IE 11 is not supported. For an optimal experience visit our site on another browser.

Gunmen attack 2 Pakistani police stations

Gunmen enter a federal law enforcement building in Pakistan's eastern city of Lahore, firing shots and terrifying employees in the latest in a string of attacks to rock this country.
Pakistan
People lay flower wreaths in Lahore, Pakistan, Wednesday on huge pictures of Pakistani army commandos who were killed during a militant attack on the army's headquarters earlier this month.K.m. Chaudary / AP
/ Source: The Associated Press

Gunmen entered a federal law enforcement building in Pakistan's eastern city of Lahore on Thursday, firing shots and terrifying employees in the latest in a string of attacks to rock this U.S.-allied nuclear-armed country as it prepares to launch a major offensive in a Taliban and al-Qaida stronghold.

In the Taliban-riddled northwest, meanwhile, a suicide car bomber detonated his vehicle next to a police station, killing at least eight people, while a suspected U.S. missile strike killed four alleged militants, officials said.

The attack in Lahore occurred at a building housing the Federal Investigation Agency, a premier law enforcement organization that deals with matters ranging from immigration to terrorism. Local media channels reported that hostages were being held.

"We are under attack," said Mohammad Riaz, an FIA employee reached inside the building via phone by The Associated Press. "I can see two people hit, but I do not know who they are."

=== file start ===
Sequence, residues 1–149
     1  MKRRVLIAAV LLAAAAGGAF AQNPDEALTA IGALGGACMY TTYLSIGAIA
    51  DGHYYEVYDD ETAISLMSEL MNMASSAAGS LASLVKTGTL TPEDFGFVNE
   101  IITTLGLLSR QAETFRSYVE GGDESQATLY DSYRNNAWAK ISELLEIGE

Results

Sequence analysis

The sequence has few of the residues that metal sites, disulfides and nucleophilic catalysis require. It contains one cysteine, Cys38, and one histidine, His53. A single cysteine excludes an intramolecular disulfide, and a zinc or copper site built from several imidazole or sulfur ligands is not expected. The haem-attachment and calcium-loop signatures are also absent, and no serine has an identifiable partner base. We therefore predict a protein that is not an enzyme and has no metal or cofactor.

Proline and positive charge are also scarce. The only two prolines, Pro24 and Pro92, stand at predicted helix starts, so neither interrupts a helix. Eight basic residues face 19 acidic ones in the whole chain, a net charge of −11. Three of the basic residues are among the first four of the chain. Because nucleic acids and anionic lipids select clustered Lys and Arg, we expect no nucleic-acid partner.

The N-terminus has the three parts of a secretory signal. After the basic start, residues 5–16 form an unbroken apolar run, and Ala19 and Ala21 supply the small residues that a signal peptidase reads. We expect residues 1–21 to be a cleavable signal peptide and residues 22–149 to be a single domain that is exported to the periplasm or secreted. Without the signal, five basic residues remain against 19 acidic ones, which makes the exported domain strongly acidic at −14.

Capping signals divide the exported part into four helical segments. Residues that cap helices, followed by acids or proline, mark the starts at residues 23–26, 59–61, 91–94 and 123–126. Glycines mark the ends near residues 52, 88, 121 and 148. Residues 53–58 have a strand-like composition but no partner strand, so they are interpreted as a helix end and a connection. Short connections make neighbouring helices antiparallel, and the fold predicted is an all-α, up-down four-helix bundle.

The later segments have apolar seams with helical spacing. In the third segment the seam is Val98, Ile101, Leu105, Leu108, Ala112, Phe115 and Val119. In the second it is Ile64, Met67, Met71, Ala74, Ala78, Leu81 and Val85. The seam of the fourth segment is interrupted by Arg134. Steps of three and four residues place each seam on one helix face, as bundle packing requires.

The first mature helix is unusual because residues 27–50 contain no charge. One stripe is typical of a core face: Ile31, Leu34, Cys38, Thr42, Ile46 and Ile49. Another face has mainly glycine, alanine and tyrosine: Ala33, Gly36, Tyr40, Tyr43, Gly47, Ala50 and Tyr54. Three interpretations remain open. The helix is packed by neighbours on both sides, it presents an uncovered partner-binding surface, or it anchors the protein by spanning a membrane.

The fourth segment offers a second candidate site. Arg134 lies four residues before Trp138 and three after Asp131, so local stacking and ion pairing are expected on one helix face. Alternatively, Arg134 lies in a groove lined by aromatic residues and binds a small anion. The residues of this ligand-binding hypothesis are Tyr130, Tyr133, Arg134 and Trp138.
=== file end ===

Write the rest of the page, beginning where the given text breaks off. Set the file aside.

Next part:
The attack appeared similar to a siege mounted on the army's headquarters over the past weekend that left 23 people dead and was claimed by the Taliban as their work. The militants have also claimed credit for other attacks in recent days, warning Pakistan to stop pursuing them in military operations.

The Pakistani army has given no time frame for the expected offensive in South Waziristan, but has reportedly already sent two divisions totaling 28,000 men and blockaded the region.

Fearing the looming offensive, about 200,000 people have fled South Waziristan since August, moving in with relatives or renting homes in the Tank and Dera Ismail Khan areas, a local government official said, speaking on condition of anonymity because he was not authorized to talk to the media.

Fleeing border region
Streams of civilians jammed into cars and trucks Wednesday to flee the region as the government pounded the area with airstrikes ahead of an expected ground offensive against the Taliban along Pakistan's border with Afghanistan.

Bombing runs over suspected militant hide-outs have sharply increased in recent days after a string of bloody attacks on military and civilian targets killed scores of people across Pakistan. Government officials said the wave of terror was forcing them to take the fight to the insurgents' heartland.

The army, which gave no timeframe for the offensive, has reportedly already sent two divisions totaling 28,000 men and blockaded the region.

Fearing the looming offensive, about 200,000 people have fled South Waziristan since August, moving in with relatives or renting homes in the Tank and Dera Ismail Khan areas, a local government official said, speaking on condition of anonymity.

The exodus intensified with the increase in airstrikes in recent days.

Mass exodus
Since the weekend, about 80 vehicles a day have been carrying fleeing families past one checkpoint at Chonda on the edge of Dera Ismail Khan, said Naimatullah Khan, a police officer based there.